Star With ‘Strong Signal’ Draws Alien Speculation by Brent McCluskey | August 30, 2016
(Photo: Deviant Art / SPAR)
A mere 94 light years away, a sun-like star emits a “strong signal” that could very well be artificial in origin – in other words, aliens. The signal emanating from radio star HD 164595 could point to an alien civilization, and while experts caution against getting our hopes up, astronomers are going to check it out anyway.
Pussy Riot’s Nadya Tolokonnikova wants her next audience to know exactly what it’s like to be in a Russian prison: down to the color of the walls, the temperature of the rooms; even what it’s like to work on the the dated, Soviet-era sewing machines that Tolokonnikova once used to make police uniforms.
The only really interesting news accompanying this year's Grammy nominations was white rapper Macklemore's The Heist snubbing Kanye's Yeezus for Album of the Year. In response, Kanye said, "I don't know if this is statistically right, but I'm assuming I have the most Grammys of anyone my age, but I haven't won one against a white person." That last statement is false (he's beaten out the Beastie Boys, Eminem, and white songwriters on numerous occasions), but it does drive at an interesting point.
Muck Rack makes it simple to find people, tweets, or articles that mention any name, keyword, company, hashtag etc. We've compiled this guide to help you make the most of your search.
Selecting a term
Start searching tweets, articles from media outlets, articles mentioned in tweets, journalists'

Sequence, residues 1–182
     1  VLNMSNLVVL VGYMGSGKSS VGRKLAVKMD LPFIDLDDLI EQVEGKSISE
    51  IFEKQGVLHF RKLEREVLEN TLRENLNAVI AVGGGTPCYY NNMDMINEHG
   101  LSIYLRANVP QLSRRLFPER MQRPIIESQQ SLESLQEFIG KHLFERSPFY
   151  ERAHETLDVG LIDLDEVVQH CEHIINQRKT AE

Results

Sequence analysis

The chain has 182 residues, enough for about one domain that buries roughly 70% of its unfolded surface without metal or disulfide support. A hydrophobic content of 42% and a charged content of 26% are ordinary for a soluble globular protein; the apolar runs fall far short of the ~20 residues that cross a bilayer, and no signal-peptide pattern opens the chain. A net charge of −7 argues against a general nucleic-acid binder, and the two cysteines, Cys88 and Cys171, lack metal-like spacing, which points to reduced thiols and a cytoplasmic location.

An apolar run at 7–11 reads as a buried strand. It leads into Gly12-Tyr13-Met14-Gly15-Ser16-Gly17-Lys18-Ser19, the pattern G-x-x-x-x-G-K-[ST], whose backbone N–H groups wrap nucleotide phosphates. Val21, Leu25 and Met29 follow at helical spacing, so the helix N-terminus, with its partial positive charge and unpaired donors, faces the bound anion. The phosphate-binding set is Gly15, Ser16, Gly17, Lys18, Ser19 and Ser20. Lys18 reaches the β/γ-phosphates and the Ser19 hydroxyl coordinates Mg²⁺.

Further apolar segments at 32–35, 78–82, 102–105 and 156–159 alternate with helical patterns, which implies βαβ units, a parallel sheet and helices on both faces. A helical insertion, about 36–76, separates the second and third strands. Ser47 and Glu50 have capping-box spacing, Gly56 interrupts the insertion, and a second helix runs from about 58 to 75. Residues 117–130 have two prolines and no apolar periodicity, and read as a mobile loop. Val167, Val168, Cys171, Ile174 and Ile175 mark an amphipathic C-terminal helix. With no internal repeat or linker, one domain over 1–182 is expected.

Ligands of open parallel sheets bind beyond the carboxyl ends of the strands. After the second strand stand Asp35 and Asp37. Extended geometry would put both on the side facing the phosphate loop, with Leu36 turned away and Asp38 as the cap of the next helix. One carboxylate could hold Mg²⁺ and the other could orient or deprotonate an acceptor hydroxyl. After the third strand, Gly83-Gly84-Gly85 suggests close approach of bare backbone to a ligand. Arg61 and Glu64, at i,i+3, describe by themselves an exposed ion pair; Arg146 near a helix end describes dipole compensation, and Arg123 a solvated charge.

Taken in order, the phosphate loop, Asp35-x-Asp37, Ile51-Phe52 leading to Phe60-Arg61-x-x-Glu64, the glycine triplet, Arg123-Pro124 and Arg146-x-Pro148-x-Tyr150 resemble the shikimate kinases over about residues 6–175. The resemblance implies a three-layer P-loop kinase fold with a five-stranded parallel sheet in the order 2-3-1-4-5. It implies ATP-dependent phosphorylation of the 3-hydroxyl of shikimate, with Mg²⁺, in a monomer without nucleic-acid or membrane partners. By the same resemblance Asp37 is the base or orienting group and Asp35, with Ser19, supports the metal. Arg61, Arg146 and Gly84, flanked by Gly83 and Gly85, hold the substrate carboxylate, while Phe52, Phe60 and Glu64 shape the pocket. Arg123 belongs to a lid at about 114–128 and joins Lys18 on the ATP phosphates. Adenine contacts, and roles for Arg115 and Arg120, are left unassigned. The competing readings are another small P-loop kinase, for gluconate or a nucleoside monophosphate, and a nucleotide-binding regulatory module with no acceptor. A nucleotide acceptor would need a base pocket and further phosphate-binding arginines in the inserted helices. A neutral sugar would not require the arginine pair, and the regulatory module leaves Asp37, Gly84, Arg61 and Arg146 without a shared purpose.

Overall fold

names, titles and bios with some suggested searches:
Companies or Topics (e.g. iPhone, Microsoft)
Phrases (e.g. "cloud computing") — use quotes to keep the terms together
Twitter handles (e.g. @username) — returns those who have mentioned or replied to
Names (e.g. "David Pogue")
Hashtags (e.g. #sxsw, #london2012)
Bio details (e.g. vegan, Olympics, father)
Muck Rack's Advanced Search allows for many boolean operators.
Find results that mention multiple specified terms, use AND or
+. For example, ensure each result contains both Elon Musk and Mark Zuckerberg by
searching Obama AND Romney or Obama + Romney.
Use the operators OR or , to broaden your search when you'd like either of
multiple terms to appear in results. (This is the default behavior of our search when no operators
are used.) For example, search for democrat OR republican to find results that refer to
Democrats and/or Republicans.
Use NOT or - to subtract results from your search. For
example, searching Disney will yield results about the Walt Disney Company as well as Walt Disney
World Resort. To exclude mentions of Disney World, search for Disney -World or Disney
When using one of these operators with a phrase, enclose it in quotation marks. For example, you can
find results about smartphones excluding Apple's iPhone 4S by searching smartphone -"iPhone
Exact case matching or punctuation
If you're searching for a brand name or keyword that relies on specific punctuation marks or capitalization, you can
find results that match your exact query by adding matchcase: before the keyword you're searching for, like matchcase:E*TRADE .
Use parentheses to separate multiple
boolean phrases. For example, to find journalists talking about having fun in Disney World or
Disneyland, search for ("disney world" OR disneyland) AND fun.
An asterisk can be used to search for any variation of a root word truncated by the asterisk. For example, searching for admin* will return results for administrator, administration, administer, administered, etc.
A near operator is an AND operator where you can control the distance between the words. You can vary the distance the near operation uses by adding a forward slash and number (between 0-99) such as strawberries NEAR/10 "whipped cream", which means the strawberries must exist within 10 words of "whipped cream".